Often, when beginners are given meditation instruction, they are told to pay attention to their breath, the feeling of air rushing in and out of their nose. While I occasionally like this method, it also trips me up. I can become hyper-aware of my breathing, and it starts becoming forced and irregular. Additionally, guidance may also be given to place ones hands on top of each other in your lap, touching your thumbs together. I’ve always preferred to place my hands face down on my knees, feeling the pressure and stability of my palms as they rest, supported.
This past Saturday in my physics class, we began learning about dynamics, which is the sum of all the forces acting on us at a given time. Forces do not come out of nowhere–they are the relationship of two or more objects. While the teacher listed the various types of forces on the whiteboard, my thoughts latched onto the last one: gravity. Gravity is the force acted on us by the earth; except in a rarified environment, we are always subject to it. My daughter, like most small children, performs a multitude of experiments to test gravity, dropping things from her high chair and other random places, watching as time and again, they do indeed drop down. By the time we’re grown, we take gravity for granted, a banal fact of our existence.
When I thought of it, how gravity is a force and where there is a force there is a relationship, I was awestruck at the thought of gravity’s origin. To picture the earth is to visualize it on some grand, cosmic scale-the view of astronauts looking out their window. Yet when thought of in this context, the earth becomes intimate, something that we have a continuous relationship with from our first moments alive on to our last breath. To take the time to feel the weight of our feet on the ground, our body as lies in bed, the feeling of our seat in a chair, is bring our minds into closer contact with that relationship we have with gravity, and consequently with the earth. This isn’t mysticism–this is scientific fact.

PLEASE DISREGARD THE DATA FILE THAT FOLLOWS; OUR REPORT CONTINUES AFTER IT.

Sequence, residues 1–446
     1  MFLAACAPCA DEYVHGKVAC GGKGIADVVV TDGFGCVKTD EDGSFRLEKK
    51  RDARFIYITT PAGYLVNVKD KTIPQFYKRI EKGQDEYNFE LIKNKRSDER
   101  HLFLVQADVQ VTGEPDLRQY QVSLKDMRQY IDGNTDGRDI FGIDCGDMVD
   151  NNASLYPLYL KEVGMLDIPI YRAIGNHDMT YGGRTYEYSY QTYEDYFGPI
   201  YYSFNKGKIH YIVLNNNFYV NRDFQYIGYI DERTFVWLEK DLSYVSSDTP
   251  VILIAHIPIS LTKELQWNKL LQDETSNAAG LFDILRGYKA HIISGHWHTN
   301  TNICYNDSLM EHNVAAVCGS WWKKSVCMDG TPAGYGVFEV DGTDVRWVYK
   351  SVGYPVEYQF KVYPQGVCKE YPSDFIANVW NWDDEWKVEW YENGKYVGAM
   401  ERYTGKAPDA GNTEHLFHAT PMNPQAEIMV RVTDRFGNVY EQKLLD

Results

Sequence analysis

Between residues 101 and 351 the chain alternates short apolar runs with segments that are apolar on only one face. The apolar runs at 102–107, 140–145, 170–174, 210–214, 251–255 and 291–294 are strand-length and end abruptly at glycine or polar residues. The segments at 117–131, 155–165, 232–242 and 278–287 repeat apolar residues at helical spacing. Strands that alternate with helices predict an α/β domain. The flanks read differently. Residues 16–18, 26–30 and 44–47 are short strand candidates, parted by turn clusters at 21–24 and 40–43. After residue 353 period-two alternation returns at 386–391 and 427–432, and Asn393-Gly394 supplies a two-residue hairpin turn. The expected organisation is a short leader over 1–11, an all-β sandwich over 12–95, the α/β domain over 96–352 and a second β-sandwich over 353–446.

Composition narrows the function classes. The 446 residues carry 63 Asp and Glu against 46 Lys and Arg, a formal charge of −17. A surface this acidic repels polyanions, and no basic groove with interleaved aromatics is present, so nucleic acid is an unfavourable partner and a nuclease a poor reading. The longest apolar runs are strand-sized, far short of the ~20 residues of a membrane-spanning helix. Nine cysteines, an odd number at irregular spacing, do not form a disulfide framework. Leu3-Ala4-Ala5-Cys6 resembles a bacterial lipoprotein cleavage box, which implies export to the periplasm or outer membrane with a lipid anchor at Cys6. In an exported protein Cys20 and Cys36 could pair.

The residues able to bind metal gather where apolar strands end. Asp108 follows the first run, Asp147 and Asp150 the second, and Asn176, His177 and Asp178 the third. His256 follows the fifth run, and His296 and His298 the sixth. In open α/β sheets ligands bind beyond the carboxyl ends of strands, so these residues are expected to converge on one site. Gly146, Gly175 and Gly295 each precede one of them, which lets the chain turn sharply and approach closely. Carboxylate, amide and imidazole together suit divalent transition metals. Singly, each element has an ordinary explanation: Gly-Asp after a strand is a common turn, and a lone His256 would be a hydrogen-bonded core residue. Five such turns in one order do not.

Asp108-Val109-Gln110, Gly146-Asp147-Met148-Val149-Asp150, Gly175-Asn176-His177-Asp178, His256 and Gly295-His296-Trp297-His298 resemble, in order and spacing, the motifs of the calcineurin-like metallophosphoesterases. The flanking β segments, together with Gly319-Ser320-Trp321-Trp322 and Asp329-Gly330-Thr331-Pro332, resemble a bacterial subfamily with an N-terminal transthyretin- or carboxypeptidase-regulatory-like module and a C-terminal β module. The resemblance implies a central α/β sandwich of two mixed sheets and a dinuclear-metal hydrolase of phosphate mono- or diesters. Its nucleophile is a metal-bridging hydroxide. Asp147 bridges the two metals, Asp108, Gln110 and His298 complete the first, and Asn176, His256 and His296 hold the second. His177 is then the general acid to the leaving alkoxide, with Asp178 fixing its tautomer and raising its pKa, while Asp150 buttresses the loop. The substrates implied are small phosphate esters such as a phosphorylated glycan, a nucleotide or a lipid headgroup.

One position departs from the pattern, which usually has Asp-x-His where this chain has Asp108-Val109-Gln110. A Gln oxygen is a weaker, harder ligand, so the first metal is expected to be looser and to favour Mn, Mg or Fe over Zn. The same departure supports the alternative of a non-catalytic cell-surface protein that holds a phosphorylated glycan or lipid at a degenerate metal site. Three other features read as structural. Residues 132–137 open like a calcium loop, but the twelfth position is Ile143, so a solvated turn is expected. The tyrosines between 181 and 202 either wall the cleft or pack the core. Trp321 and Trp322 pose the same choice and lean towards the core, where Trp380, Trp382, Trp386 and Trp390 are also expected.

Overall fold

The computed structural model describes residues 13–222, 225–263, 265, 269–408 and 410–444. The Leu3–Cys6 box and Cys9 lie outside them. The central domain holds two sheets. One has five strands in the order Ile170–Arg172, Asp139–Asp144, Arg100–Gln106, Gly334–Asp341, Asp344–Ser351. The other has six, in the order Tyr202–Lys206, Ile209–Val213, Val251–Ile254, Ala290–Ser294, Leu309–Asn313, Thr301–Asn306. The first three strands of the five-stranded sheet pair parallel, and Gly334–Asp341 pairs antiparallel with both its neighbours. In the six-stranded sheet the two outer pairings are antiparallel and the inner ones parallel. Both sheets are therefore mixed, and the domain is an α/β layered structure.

As we go about our day and our lives, we endure many moments of hardship and stress. Mindfulness is helpful for this, if you can catch yourself before being totally overwhelmed. In these moments of strife, however, a meditative space can be hard to enter into, seemingly remote, reserved for monks and sacred places far from us. Finding tools that remind us of those calm, clear moments are essential. When I thought of gravity as a reminder of our relationship with the earth, it seemed to be a useful way of making that meditative peace and clarity both immediate and accessible. When we’re feeling caught up in crap, disconnected from ourselves and struggling, we can sink our thoughts to our feet, to that point of contact with the ground below us. When we feel that weight, the force of the planet’s gravitational pull, why not take the time to appreciate the force that holds us, the earth that connects and sustains us and all the other beings with this most constant of companions?